Outdoors

Scientists, researchers tell Olympics story from different perspective

A program on bees Nov. 18 will kick off Olympic National Park’s 17th annual Perspectives Series. Jerry Freilich, the park’s research coordinator, will open the 2014-15 series with his presentation “A Bit About Bees.”

Except for this month, the programs are held the second Tuesday of each month through May. They are co-sponsored by the Friends of Olympic National Park. This month’s program is being held later to avoid conflicts with Tuesday’s Veterans Day celebrations.

Freilich also works as the director of the North Coast and Cascades Science Learning Network. Of the nearly 4,000 species of bees native to North America, there might be 800 species found in Olympic National Park. Freilich’s program will look at the vital role they have in the ecosystem as pollinators. He also will talk about the haunts and habits of some of the lesser-known species.

Here is a look at the rest of the speakers scheduled to take part in the series:

Dec. 9: “Free at Last: Elwha River Through Three Years of Dam Removal” by Andrew Ritchie, the park’s geomorphologist. There have been major changes in the Elwha River valley the last three years as millions of tons of sediment were released when the Elwha and Glines Canyon dams were removed. Ritchie’s talk will look at how the river has responded. He will illustrate the sediment moving downstream, the growth of logjams and river bars, and the growing beach at the mouth of the river.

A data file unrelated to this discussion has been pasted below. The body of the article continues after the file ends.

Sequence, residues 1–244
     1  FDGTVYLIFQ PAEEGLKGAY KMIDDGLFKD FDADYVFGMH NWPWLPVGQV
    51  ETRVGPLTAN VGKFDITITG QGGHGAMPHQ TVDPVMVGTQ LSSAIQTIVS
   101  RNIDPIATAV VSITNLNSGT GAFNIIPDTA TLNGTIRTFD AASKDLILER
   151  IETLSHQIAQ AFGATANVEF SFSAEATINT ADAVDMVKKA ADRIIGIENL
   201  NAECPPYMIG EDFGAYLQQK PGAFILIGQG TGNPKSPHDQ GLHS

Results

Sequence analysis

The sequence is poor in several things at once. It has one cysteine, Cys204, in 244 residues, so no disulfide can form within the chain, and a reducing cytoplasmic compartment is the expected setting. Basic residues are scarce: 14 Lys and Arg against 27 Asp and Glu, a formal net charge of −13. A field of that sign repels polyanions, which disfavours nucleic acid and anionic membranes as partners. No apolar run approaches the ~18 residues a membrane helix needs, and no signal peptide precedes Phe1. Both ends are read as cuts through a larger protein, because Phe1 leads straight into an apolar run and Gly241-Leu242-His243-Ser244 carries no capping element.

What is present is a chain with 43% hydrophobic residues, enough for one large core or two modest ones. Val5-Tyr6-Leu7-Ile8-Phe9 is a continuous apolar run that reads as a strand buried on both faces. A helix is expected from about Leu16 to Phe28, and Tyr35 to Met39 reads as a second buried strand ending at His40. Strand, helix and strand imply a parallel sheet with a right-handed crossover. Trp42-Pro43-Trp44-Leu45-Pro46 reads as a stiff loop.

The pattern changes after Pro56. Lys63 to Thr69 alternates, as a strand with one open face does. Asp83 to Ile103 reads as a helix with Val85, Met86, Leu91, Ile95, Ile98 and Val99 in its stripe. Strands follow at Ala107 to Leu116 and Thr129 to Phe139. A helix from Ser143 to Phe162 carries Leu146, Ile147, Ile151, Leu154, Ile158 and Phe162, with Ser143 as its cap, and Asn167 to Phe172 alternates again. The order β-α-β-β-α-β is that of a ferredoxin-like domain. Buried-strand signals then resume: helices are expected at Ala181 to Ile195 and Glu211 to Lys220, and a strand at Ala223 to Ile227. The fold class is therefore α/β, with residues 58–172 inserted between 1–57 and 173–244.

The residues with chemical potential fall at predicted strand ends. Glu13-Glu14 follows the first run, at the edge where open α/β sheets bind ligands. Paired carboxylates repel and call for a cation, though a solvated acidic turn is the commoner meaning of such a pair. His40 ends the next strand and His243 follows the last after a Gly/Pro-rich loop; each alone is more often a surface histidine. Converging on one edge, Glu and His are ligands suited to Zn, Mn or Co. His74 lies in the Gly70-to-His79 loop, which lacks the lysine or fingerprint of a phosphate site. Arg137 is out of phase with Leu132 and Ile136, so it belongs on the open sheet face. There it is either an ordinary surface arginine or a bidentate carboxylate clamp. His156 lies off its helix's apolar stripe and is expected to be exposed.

Jan. 13: “Jump Starting Recovery” by Joshua Chenoweth, restoration ecologist at the park. This program will focus on the revegetation and restoration of the two former lake beds of the Elwha Valley.

Feb. 10: “Perspectives on the Role of Science and Technology in Managing Pacific Salmonids in Olympic National Park” by Sam Brenkman, a fisheries biologist at the park. This presentation will look at some of the innovative technologies being used to determine the distribution, abundance and migration patterns of salmonids. Brenkman will also reveal findings from headwaters to sea snorkel surveys and thermal imaging in major Olympic Peninsula rivers.

March 10: “Sea Star Wasting Syndrome — Losing a Keystone Predator” by Melissa Miner of the University of California Santa Cruz. Miner’s presentation will describe the impacts of sea star wasting syndrome that have been documented in long-term surveys and by citizen science monitoring.

April 14: “Blue Glacier: Past, Present and Future” by Howard Conway of the University of Washington. Climate change has caused shrinkage of alpine glaciers worldwide, including the park’s Blue Glacier. Conway will discuss the university’s research on the glacier since 1957, one of the longest records of change for any glacier in North America.

The programs are free and open to the public. They begin at 7 p.m. at the Olympic National Park Visitor Center, 3002 Mount Angeles Road, Port Angeles. With limited seating, attendees are urged to arrive early.

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